Liberal, conservative advance in Wisconsin Supreme Court race with abortion rights at stake

Wisconsin Supreme Court Justice Daniel Kelly speaks at a leadership training session for local Republican Party officials and volunteers in Waukesha
Wisconsin Supreme Court Justice Daniel Kelly speaks at a leadership training session for local Republican Party officials and volunteers in Waukesha, Wisconsin, U.S., September 7, 2019. Picture taken September 7, 2019. REUTERS/Brian Snyder/File Photo

Feb 21 (Reuters) - A liberal and a conservative won Tuesday's nominating contest for a pivotal seat on Wisconsin's Supreme Court, setting up a one-on-one clash in April with major consequences for abortion rights, control of the state government and possibly the 2024 presidential election.

Janet Protasiewicz, a liberal Milwaukee judge who has spoken favorably about abortion rights, secured the top spot in Tuesday's four-way nominating contest, according to results compiled by the Associated Press.

Former state Supreme Court Justice Daniel Kelly, a staunch conservative who was endorsed by former President Donald Trump when he ran unsuccessfully for re-election in 2020, took second place, the AP projected.

Protasiewicz and Kelly now advance to the April general election, which will determine whether a right-wing or left-wing majority controls the state's seven-member high court.

The winner will likely serve as the swing justice when the court eventually decides whether to uphold the state's 1849 near-total abortion ban that took effect after the U.S. Supreme Court's decision last June to overturn Roe v. Wade, eliminating a national right to abortion.

A liberal majority may also re-examine the state's Republican-drawn legislative maps, which have helped the party maintain dominance over the legislature despite a closely divided electorate. And the court will likely rule on voting law disputes that could affect the outcome of the 2024 presidential race, when Wisconsin is expected to be a swing state.

"The stakes in this race for Wisconsin and for American democracy at large can't be overstated," Ben Wikler, the chair of the state's Democratic Party, said in an interview.

With a Democratic governor, Tony Evers, and a Republican-majority legislature often at loggerheads, the state Supreme Court's 4-3 conservative majority has issued a string of decisions that typically favored Republicans.

But a conservative justice is leaving the bench this year, putting the political leaning of the court in question.

While the race is technically nonpartisan, a casual observer would be forgiven for missing that detail.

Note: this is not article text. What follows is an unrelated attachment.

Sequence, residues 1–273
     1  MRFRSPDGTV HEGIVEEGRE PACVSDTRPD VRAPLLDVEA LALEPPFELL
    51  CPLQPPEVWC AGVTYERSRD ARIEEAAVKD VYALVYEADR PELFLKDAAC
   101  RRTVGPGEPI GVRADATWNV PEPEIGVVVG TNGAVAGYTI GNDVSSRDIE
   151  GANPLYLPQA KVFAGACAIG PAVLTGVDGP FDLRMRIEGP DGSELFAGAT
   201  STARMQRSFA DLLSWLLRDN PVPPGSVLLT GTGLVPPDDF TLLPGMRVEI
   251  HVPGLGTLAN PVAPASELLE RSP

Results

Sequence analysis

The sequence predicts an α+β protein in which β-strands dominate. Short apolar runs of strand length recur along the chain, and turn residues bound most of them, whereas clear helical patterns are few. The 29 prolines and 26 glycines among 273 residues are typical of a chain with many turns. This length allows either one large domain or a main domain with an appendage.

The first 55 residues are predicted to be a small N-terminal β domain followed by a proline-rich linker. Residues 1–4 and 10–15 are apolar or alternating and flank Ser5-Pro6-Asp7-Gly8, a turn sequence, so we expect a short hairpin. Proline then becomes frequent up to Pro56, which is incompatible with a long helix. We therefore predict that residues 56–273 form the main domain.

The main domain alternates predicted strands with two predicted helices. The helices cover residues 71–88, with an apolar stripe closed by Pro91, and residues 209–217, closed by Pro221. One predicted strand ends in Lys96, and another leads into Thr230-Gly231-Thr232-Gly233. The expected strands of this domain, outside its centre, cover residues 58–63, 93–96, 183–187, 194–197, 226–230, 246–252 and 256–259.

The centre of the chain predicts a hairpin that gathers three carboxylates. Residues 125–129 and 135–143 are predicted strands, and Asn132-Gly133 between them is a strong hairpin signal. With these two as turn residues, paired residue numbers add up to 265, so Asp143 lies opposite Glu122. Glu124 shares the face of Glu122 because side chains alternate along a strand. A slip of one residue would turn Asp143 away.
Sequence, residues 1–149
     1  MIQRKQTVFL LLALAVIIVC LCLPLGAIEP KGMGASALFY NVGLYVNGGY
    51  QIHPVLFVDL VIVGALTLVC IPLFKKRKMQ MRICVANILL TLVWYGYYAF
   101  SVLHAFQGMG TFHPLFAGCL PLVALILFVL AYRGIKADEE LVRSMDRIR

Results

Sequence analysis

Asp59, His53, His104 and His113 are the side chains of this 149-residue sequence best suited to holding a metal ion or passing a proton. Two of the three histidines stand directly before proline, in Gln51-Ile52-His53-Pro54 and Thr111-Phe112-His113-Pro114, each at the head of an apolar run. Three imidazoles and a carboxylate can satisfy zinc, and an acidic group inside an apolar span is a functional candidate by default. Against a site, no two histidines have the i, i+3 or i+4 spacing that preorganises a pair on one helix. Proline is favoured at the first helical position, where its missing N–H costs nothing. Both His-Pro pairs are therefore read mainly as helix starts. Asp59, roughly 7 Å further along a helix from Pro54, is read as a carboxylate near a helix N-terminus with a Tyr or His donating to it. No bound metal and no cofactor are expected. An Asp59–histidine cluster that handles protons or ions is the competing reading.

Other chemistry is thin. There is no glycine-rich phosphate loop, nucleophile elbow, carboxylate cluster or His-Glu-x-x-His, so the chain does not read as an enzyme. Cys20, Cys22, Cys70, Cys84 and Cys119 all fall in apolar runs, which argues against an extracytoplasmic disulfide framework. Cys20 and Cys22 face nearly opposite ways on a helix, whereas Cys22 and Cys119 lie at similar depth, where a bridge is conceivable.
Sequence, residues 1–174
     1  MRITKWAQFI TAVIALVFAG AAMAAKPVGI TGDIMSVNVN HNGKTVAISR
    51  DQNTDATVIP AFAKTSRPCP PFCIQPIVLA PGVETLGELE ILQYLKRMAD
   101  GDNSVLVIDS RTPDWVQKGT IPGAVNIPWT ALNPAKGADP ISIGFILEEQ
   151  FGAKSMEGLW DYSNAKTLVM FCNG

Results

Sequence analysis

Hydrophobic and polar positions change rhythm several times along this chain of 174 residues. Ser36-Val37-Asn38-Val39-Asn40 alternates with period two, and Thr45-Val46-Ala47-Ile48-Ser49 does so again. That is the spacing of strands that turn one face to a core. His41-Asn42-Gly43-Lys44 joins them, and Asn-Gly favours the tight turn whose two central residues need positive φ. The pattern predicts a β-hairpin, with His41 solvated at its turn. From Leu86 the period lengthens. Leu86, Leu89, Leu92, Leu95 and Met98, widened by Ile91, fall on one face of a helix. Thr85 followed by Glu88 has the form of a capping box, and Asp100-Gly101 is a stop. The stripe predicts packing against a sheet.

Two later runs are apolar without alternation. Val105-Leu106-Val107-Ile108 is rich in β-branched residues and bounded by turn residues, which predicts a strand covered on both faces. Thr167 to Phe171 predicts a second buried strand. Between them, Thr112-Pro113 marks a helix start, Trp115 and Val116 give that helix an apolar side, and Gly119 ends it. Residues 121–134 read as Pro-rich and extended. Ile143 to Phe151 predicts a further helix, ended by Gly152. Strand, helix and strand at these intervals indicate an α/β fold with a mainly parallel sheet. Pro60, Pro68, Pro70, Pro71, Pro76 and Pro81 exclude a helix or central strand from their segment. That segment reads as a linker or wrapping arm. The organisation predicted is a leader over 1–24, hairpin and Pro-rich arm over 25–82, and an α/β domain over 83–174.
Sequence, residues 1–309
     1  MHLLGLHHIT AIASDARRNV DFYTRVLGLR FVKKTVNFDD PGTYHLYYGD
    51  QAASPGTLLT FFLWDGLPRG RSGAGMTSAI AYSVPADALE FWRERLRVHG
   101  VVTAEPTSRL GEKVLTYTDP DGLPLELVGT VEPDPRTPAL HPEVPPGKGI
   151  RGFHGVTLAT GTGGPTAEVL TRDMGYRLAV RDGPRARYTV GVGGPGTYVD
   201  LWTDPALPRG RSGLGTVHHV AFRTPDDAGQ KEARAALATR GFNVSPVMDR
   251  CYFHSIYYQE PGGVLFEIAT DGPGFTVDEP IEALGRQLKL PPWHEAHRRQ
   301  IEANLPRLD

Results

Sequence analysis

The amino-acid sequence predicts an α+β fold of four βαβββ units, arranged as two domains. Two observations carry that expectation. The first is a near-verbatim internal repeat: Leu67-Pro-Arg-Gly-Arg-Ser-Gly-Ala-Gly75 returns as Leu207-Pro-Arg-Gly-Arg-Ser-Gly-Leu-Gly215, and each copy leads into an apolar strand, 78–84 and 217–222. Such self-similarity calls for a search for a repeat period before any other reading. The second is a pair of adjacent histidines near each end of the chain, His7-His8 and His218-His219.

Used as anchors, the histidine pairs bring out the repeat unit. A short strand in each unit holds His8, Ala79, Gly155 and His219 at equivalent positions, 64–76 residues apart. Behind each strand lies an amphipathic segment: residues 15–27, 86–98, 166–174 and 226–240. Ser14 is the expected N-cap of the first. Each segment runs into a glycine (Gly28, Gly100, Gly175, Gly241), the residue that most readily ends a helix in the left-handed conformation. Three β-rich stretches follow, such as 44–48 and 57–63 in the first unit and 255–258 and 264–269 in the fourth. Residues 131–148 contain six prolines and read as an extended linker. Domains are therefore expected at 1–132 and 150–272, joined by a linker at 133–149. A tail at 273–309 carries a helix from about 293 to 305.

The candidates left little doubt about their ideological tendencies. Both the state Democratic and Republican parties lined up behind their choices, while a constellation of interest groups has issued endorsements and poured millions of dollars into the campaigns.

The contest already ranks among the most expensive state supreme court races in history, according to Douglas Keith, an attorney at New York University's Brennan Center for Justice who tracks spending on judicial elections.

More than $9 million has been spent with six weeks before the general election, according to AdImpact, a firm that tracks advertising, putting the campaign on track to shatter the $15 million overall spending record for a single-seat race, set in 2004 in Illinois.

State judicial elections have received greater attention in recent years, a trend accelerated by the Supreme Court's decision to overturn Roe v. Wade.

In Wisconsin, the ruling triggered the 19th-century law banning the procedure. Democratic Attorney General Josh Kaul filed a lawsuit claiming the statute is invalid - a case eventually headed for the state Supreme Court.

"This is Wisconsin's Roe moment," said Gracie Skogman, a spokesperson for Wisconsin Right to Life, which backed the conservative candidates. "It's not only the fate of our current law that is in jeopardy depending on the ideological makeup of the court, but they have the opportunity to set the standard for pro-life and abortion policy for decades to come."

Right to Life is mobilizing voters with direct mail, phone calls, social media appeals and a voter registration drive.

Planned Parenthood Advocates of Wisconsin plans to invest more resources in the campaign than any previous judicial race, spokesperson Tiffany Wynn said. The group has hired staff to canvass door-to-door and is planning an advertising blitz after Tuesday's primary.

A new liberal majority could also revisit other statutes, such as laws requiring voter identification, permitting concealed carry of firearms and weakening public sector unions.

"These are issues right up and down the line that we've been tackling over the last generation that would be on the chopping block," said Mark Jefferson, the Republican state party chair.

Reporting by Joseph Ax in New York; Additional reporting by Gabriella Borter in Washington; Editing by Paul Thomasch and Jonathan Oatis

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